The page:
Semifinal Two opened with Georgi Bozhilov of Bulgaria in the lead. Second in the single at last year’s World Rowing Under-23 Championships, Bozhilov missed out on qualifying the single scull for the Olympics at the World Rowing Championships in Bled by just one spot. Bozhilov continued his quest to get to London today and by the half-way point he had more than a boat length lead.
Meanwhile, behind Bozhilov, Mario Vekic of Croatia had got his nose ahead of Slovenia and was moving rapidly up on Bozhilov. Poland’s Michal Sloma was also doing a huge piece. Vekic, who raced at the Beijing Olympics in the double, continued to move and coming into the final sprint Vekic was in front. The sprint was on to the end. Vekic was on 35 strokes per minute, Bozhilov and Sloma both struck 37 strokes per minute. Down the outside, and from the back of the field, Serbia’s Marko Marjanovic was giving it has all at a 43 stroke rate. Marjanovic had left his charge just a fraction too late. Vekic, Bozhilov and Sloma qualify for the final.
Results: CRO, BUL, POL, SRB, SLO, RUS
Olympic Qualification Places Available: 4
Lightweight Men’s Double Sculls (LM2x) – Semifinals
The starting blocks on the 2000m Rotsee course were about to see 24 nervous lightweight men line up. They were all aiming for a top three finish in the two semifinals as this would earn them a spot in the final and thus keep their Olympic hopes for 2012 alive.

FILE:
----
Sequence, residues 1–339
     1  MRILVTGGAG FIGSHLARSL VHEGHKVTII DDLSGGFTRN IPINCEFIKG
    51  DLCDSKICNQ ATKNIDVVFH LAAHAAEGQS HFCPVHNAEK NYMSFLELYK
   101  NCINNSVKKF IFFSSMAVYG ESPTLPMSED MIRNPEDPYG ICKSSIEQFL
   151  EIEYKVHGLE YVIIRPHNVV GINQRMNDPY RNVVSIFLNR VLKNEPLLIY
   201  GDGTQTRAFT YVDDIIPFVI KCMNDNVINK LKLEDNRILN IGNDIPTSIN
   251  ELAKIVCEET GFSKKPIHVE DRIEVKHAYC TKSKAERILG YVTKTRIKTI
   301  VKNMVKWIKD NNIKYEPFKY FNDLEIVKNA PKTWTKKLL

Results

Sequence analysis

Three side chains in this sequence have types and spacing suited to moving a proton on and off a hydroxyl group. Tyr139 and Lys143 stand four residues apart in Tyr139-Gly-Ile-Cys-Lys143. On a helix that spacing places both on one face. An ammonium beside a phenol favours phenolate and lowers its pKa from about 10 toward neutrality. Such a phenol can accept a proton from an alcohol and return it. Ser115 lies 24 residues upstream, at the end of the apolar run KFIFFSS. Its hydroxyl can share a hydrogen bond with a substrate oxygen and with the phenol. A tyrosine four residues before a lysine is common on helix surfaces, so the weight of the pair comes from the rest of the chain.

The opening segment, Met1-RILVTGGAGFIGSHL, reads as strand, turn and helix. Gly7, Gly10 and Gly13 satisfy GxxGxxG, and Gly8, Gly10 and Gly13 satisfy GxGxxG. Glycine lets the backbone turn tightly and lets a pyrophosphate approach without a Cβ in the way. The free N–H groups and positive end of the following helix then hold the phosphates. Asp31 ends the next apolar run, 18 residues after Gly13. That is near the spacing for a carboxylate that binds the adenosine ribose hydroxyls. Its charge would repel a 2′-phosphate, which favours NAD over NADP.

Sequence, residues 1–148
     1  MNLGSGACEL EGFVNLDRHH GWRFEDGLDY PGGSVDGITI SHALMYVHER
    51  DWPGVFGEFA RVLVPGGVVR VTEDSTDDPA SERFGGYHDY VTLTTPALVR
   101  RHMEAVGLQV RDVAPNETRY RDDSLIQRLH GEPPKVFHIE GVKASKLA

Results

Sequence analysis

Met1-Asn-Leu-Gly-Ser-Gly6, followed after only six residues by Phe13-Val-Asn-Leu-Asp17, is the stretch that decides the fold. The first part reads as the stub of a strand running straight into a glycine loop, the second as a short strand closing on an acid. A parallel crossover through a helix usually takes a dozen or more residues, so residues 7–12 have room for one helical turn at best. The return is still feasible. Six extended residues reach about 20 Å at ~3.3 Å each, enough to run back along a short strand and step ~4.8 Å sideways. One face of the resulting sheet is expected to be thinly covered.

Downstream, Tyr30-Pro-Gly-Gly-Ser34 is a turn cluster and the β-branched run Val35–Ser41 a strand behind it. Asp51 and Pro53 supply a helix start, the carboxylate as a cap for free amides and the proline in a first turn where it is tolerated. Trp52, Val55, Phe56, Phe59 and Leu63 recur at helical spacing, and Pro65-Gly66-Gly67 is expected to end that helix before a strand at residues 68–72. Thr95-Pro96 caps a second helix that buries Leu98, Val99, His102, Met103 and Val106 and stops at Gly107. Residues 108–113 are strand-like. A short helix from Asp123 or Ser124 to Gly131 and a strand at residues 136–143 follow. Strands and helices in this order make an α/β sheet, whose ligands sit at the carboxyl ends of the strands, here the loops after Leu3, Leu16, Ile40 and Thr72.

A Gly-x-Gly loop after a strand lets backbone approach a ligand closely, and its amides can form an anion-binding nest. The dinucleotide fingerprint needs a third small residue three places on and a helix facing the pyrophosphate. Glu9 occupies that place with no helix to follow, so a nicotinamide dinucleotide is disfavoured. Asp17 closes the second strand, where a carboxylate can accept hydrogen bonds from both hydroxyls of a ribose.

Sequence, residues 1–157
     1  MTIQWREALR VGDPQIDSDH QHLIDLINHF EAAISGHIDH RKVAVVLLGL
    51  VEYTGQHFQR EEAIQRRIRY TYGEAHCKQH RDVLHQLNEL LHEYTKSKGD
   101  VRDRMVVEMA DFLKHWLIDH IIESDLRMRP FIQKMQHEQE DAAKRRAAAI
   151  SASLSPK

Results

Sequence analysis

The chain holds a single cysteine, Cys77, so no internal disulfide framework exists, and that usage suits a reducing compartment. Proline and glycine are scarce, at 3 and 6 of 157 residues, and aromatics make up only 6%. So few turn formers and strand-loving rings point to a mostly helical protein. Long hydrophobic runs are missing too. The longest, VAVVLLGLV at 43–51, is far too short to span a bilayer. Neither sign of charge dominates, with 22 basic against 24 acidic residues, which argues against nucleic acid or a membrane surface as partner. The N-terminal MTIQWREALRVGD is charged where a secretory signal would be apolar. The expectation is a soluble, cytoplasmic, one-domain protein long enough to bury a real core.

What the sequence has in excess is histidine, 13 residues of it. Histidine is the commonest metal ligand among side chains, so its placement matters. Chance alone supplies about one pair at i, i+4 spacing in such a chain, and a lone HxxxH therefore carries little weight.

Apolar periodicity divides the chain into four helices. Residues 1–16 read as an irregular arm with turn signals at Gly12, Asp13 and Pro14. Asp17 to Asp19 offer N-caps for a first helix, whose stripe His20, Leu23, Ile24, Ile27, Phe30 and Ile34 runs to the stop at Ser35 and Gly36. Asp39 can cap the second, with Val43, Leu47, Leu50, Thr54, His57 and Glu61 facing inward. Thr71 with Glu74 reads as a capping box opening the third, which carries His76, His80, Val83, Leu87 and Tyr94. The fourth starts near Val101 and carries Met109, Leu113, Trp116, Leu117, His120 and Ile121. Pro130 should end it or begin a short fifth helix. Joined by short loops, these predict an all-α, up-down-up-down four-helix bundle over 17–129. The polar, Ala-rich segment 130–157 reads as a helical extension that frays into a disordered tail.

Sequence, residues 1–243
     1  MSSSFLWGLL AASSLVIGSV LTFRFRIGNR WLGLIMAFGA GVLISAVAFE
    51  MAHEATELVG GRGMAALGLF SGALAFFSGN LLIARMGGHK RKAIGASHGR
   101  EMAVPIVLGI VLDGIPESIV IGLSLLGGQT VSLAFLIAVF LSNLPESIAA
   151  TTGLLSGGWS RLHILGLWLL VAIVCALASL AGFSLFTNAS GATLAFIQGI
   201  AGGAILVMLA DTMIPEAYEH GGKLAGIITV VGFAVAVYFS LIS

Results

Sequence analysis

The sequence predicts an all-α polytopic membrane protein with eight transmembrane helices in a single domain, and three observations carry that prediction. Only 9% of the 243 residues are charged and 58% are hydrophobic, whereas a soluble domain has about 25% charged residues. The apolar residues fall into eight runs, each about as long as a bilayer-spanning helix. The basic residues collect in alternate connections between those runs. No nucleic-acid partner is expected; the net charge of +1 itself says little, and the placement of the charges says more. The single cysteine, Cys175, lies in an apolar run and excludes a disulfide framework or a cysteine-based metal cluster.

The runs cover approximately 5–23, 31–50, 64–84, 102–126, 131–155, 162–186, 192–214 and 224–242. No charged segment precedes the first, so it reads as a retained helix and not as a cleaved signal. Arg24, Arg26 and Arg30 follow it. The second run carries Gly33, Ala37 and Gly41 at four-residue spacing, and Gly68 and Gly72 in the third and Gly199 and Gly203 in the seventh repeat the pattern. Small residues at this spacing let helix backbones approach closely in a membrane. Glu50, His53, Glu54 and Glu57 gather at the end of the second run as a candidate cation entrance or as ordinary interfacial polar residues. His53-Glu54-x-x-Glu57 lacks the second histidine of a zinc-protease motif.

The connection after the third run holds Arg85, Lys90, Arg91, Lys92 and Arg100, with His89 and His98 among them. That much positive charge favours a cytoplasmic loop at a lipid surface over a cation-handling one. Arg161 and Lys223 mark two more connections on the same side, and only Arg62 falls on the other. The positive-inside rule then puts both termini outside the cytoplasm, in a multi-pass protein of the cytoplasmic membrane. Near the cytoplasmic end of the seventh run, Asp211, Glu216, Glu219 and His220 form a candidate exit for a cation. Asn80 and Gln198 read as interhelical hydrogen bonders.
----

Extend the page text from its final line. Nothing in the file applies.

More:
Semifinal One featured the ever-impressive comeback of 2005 World Champions, Zsolt Hirling and Tamas Varga of Hungary. Hirling and Varga took a post-Beijing break joining up together this year with the aim of getting to the London Olympics. Today they led the field over the United States (Andrew Campbell and William Daly). This new American combination featured Campbell who made history in the US by medalling in the lightweight single at the World Rowing Under-23 Championships last year and medalling in the World Rowing Junior Championships in 2010. Campbell and Daly held on to second while Poland and Switzerland fought it out for the third and final qualifying spot.
As the finishing line came into view, Hungary remained in the lead, the United States were firmly in second and Switzerland’s Silvan Zehnder and Michael Schmid had got the better of Poland to take third and qualify for tomorrow’s final.
Results: HUN, USA, SUI, POL, SWE, SLO
Spain grabbed the bull by the horns in Semifinal Two and got their boat in front with Roderick Chisholm and Thomas Gibson of Australia chasing hard. Going through the middle of the race Spain remained just a tad in front of Chisholm and Gibson with Austria and Bulgaria very much on the pace.
The third 500 had Australia just in front with a virtual line forming between Zlatko Karaivanov and Vassil Vitanov of Bulgaria, Paul and Bernhard Sieber of Austria and the Spaniards. A full-on sprint to the line now began. Chisholm and Gibson had enough of a lead to remain in front moving them one step closer to Olympic qualification. If they qualify this will be the second Olympics for both of them. Gibson raced in the lightweight double in 2008 while Chisholm was in the lightweight four.
Australia crossed the line in first. Austria, Bulgaria and Spain crossed together. The crews sat there waiting for the official result…and waited. Finally it was announced that Austria and Bulgaria had finished in a dead heat for second. Unlucky Spain, in fourth, ended their Olympic chances.
Results: AUS, AUT, BUL, ESP, IRL, CZE
Olympic Qualification Places Available: 2